(A Writing Tips Post)
There is something intimidating about deadlines. When you first sign that contract or make that agreement to have your book in your publisher’s hands six months from now, that seems like a long time. Sure, you can take a week off and celebrate. And another week to do some research. Then one of the kids gets the mumps. And another.
And before you know it, it’s April 2nd and your book is due April 25th.
What do you do? Panic!
But what about if you’re not under an official contract? You don’t have a publisher breathing down your neck, waiting for your book. You have all the time in the world, right?
No. You don’t.
If you are a writer, then you must write. And if you’re a writer, you must be writing for someone other than yourself. At the very least, as a Christian writer, you are writing for God. And even if He is the only One who ever sees what you’re writing, He has an expectation that at some point, you’ll be ready to move on to the next project.
Failing to set a finish date sets you up to fail.
So even if you’re not under someone else’s deadline, you should be under one of your own.
How can you stick to that date?
- Make up some business cards with the cover on it and the release date.
- Tell other people.
- Spread the news on social media.
- Write it on a calendar in ink.
- Keep a picture of the cover in front of you with the release date written on it.
- Schedule time to accomplish the work by the date you say.
What happens when life gets in the way?
You might need to put aside something else in your life so you can meet your personal deadline. That’s right.
- Get up 30 minutes earlier.
- Go to bed 30 minutes later.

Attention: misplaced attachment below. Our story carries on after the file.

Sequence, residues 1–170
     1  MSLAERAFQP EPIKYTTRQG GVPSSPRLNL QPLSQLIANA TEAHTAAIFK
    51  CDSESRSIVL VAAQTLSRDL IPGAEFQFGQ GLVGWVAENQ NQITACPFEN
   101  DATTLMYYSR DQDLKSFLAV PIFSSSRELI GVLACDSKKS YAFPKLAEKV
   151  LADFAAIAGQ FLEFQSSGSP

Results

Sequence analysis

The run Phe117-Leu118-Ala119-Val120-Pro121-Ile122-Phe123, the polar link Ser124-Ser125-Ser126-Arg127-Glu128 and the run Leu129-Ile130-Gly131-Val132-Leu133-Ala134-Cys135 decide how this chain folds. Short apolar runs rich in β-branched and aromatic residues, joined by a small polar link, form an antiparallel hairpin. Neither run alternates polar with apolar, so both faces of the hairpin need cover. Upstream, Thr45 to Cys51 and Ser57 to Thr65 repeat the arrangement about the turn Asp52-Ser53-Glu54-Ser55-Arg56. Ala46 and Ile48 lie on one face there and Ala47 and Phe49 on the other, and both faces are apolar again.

- Skip your lunch hour and write.
- Skip television one or two or three nights a week.
- Take your laptop when you go to an appointment and work while you’re waiting.
- Tell your family what your goal is, and ask them to help you meet that goal
Self-Imposed deadlines might not be about finishing a book. Maybe you’ve spent way too much time on research but you can’t tear yourself away. So set a deadline. Two more days and then you’re done. You might be pleasantly surprised at how much you get done in the next two days.
Maybe you’re spending too much time re-writing. Face it—ten years is too long. One year is probably too long. Repeat after me: It will never be perfect.
And that’s because you are learning as you go. You will continue to learn. You want to put out the best product possible, but not getting the book done isn’t going to help anybody. Let it go. Or pay someone else to re-write for you.
What kinds of deadlines do you give yourself?
Leeann Betts writes contemporary suspense, while her real-life persona, Donna Schlachter, pens historical suspense. No Accounting for Murder and There Was a Crooked Man, books 1 and 2 in her By the Numbers series, released in the fall of 2015 Book 3,Unbalanced, released in January. Book 4, Five and Twenty Blackbirds, is due in April, with more planned for later dates. If you like accountants or are an accountant, check out Counting the Days: a 31-day devotional for accountants, bookkeepers, and financial folk. Leeann and Donna have penned a book on writing,Nuggets of Writing Gold, and Donna has published a book of short stories, Second Chances and Second Cups. You can follow Leeann atwww.AllBettsAreOff.wordpress.com and Donna atwww.HiStoryThruTheAges.wordpress.com. All books are available at Amazon.com in digital and print, and at Smashwords.com in digital.